In the past, sperm and eggs were used to be mixed in a petri dish in classical IVF treatment and then gathered in a culture medium prepared at the laboratory and expected to be fertilized. During this period, your physician would check for signs of fertilization and monitor the growth of the embryos. Today, the microinjection method is currently applied in all IVF treatments. In the microinjection technique (ICSI), the sperm is injected into the egg.
Stage 5: Embryo transfer/ Fertilized eggs are placed in the uterus
After fertilization, embryo development is followed and the transfer process is performed on the appropriate day. However, the transfer days vary according to the strategies of IVF centers, the number of eggs obtained from the couple, and the developing embryo quality. The number of embryos to be transferred is selected according to the quality and period of the developing embryos, taking into account the female age and previous failed IVF trials, and the country's laws. After embryo transfer into the female’s uterus, daily application of progesterone or HCG is recommended to strengthen and support the uterine membrane and increase the likelihood of implantation. Most women may feel minimal pain and discomfort with hormone injections. After the transfer, a half-hour rest is sufficient: bed rest for more than half an hour does not increase the chance of pregnancy.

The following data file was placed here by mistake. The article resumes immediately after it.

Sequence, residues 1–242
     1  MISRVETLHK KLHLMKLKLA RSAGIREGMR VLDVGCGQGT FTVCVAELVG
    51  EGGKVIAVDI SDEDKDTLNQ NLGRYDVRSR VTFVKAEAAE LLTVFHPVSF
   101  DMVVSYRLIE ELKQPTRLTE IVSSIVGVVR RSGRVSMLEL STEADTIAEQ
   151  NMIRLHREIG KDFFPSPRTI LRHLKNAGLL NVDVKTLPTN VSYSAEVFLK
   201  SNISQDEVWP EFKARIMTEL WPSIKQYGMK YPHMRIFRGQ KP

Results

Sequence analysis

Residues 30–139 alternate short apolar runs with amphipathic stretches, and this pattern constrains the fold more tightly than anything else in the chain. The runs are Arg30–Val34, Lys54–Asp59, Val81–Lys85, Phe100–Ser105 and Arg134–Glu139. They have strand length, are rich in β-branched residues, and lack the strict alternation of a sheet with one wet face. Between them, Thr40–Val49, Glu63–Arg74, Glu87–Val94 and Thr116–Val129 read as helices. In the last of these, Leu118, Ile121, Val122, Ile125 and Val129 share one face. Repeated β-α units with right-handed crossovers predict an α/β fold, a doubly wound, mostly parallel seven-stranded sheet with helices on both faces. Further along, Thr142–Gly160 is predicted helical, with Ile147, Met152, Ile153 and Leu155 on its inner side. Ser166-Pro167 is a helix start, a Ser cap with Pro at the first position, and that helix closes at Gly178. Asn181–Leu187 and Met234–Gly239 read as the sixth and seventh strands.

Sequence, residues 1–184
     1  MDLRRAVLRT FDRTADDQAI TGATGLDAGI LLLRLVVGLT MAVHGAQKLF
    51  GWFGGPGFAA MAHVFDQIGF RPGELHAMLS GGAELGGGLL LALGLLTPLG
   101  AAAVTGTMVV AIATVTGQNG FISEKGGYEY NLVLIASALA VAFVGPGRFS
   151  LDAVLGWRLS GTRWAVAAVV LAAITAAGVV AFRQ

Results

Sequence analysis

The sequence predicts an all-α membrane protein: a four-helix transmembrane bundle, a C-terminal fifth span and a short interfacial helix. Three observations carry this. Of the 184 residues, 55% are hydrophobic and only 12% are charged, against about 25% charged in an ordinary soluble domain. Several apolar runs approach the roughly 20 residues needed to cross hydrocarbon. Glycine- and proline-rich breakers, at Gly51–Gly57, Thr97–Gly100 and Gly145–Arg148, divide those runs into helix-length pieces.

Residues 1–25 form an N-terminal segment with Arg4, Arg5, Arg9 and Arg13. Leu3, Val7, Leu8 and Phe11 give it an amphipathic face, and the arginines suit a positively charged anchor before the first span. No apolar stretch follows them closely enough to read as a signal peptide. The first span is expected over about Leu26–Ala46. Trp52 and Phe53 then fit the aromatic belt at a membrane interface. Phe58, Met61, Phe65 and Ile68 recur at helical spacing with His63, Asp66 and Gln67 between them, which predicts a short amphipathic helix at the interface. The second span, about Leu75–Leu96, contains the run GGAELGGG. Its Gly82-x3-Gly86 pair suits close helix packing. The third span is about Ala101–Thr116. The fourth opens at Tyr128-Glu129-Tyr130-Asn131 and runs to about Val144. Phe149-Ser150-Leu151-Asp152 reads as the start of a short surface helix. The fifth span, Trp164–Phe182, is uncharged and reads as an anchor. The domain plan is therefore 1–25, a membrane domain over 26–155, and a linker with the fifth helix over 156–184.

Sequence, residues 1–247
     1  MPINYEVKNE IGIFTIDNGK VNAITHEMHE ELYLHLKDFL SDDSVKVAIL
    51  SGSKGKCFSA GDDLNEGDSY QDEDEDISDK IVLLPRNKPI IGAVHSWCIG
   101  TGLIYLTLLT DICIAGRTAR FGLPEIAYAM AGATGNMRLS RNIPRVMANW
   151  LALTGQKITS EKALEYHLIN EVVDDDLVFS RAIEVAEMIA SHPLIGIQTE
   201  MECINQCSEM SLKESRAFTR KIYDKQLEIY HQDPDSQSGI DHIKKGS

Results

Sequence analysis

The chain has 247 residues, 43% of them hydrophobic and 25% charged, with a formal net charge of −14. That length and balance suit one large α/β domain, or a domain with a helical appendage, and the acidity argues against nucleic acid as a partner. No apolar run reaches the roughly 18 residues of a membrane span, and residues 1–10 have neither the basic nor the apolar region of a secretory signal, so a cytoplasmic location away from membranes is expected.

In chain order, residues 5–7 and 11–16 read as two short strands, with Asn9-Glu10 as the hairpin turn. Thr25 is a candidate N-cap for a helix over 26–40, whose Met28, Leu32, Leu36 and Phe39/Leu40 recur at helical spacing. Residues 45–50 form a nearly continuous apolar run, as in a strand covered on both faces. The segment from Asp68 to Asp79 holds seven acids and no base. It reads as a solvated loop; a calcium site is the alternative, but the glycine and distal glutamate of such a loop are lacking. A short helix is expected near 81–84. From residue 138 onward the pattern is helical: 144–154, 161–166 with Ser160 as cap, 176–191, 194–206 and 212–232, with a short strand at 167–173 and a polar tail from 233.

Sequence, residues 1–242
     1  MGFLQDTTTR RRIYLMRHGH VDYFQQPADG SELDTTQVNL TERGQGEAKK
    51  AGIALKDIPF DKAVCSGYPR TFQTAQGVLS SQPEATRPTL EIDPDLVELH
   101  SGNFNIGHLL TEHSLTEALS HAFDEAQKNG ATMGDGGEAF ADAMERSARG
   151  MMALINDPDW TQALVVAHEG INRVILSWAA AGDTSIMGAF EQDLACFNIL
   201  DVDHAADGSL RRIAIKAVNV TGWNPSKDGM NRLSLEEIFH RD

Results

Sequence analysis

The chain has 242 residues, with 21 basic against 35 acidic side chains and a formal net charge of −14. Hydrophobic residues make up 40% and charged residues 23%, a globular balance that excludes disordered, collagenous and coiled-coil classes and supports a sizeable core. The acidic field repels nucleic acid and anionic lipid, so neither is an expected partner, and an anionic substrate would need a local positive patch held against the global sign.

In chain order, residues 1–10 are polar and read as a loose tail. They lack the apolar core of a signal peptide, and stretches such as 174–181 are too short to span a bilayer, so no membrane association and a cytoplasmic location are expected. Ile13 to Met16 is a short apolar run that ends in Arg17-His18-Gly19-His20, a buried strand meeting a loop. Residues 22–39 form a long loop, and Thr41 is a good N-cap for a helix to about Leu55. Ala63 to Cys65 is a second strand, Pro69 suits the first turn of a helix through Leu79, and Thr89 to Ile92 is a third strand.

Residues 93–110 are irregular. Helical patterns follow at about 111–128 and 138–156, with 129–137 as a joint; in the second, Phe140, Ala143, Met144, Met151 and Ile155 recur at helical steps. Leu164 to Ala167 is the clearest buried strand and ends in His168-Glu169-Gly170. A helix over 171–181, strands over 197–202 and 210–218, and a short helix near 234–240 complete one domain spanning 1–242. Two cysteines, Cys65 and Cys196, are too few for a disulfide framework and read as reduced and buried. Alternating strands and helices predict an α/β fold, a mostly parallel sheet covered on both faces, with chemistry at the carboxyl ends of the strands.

Typical side effects after the embryo transfer are as follows:
- A small amount of clear or bloody liquid comes in shortly after the procedure. (Due to cervical rubbing prior to embryo transfer)
- Breast sensitivity due to high estrogen levels
- Mild bloating sensation
- Mild cramping
- Low back and groin pain similar to menstrual pain
The expectant mothers should not have sexual intercourse, should not smoke until the pregnancy test, and should not use any medication without consulting a doctor. (Painkillers should not be used unless absolutely necessary.) In this period, expectant mothers can cook, climb up and down stairs, and walk. However, after the embryo transfer, activities such as sports, heavy work, and heavy lifting should not be performed until the pregnancy test results are obtained.
On the other hand, expectant mothers can go to the toilet and take a bath. The inside of the vagina should not be washed off when cleansing. Because this procedure causes infections as it will cause changes in the normal physiological environment of the vaginal canal.
Note: If you feel moderate or severe pain after embryo transfer, you should consult your doctor. Your doctor will have an assessment for complications such as infection, ovarian bending (ovarian torsion), and severe ovarian hyper-stimulation syndrome.
Stage 6: Performance of pregnancy test
A pregnancy test is applied to determine whether pregnancy occurs an average of two weeks after the embryo transfer. If the results of the test are positive, ultrasound control is performed approximately 10 days later to see the condition of the gestational sac.
Prepared by the Medical Editorial Board. Our health library contents have been prepared for informational purposes only and with the scientific content on the registration date. For all your questions, concerns, diagnosis or treatment about your health, please consult your doctor or health institution.